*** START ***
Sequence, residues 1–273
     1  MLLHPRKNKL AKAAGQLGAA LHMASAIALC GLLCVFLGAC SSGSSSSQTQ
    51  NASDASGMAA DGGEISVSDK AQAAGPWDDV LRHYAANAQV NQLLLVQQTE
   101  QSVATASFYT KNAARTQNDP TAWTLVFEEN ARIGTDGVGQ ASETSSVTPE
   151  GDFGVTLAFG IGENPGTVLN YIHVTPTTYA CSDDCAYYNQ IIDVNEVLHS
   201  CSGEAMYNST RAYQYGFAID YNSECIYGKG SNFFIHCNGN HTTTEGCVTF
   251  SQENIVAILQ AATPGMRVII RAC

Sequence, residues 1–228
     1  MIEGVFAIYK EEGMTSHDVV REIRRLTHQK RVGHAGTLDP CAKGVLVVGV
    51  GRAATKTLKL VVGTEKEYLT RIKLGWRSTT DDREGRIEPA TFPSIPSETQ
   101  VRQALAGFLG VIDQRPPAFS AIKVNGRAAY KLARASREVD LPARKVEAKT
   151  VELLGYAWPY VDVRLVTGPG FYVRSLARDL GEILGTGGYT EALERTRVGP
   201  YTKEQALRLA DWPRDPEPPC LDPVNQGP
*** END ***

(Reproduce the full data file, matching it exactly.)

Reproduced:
Sequence, residues 1–273
     1  MLLHPRKNKL AKAAGQLGAA LHMASAIALC GLLCVFLGAC SSGSSSSQTQ
    51  NASDASGMAA DGGEISVSDK AQAAGPWDDV LRHYAANAQV NQLLLVQQTE
   101  QSVATASFYT KNAARTQNDP TAWTLVFEEN ARIGTDGVGQ ASETSSVTPE
   151  GDFGVTLAFG IGENPGTVLN YIHVTPTTYA CSDDCAYYNQ IIDVNEVLHS
   201  CSGEAMYNST RAYQYGFAID YNSECIYGKG SNFFIHCNGN HTTTEGCVTF
   251  SQENIVAILQ AATPGMRVII RAC

Sequence, residues 1–228
     1  MIEGVFAIYK EEGMTSHDVV REIRRLTHQK RVGHAGTLDP CAKGVLVVGV
    51  GRAATKTLKL VVGTEKEYLT RIKLGWRSTT DDREGRIEPA TFPSIPSETQ
   101  VRQALAGFLG VIDQRPPAFS AIKVNGRAAY KLARASREVD LPARKVEAKT
   151  VELLGYAWPY VDVRLVTGPG FYVRSLARDL GEILGTGGYT EALERTRVGP
   201  YTKEQALRLA DWPRDPEPPC LDPVNQGP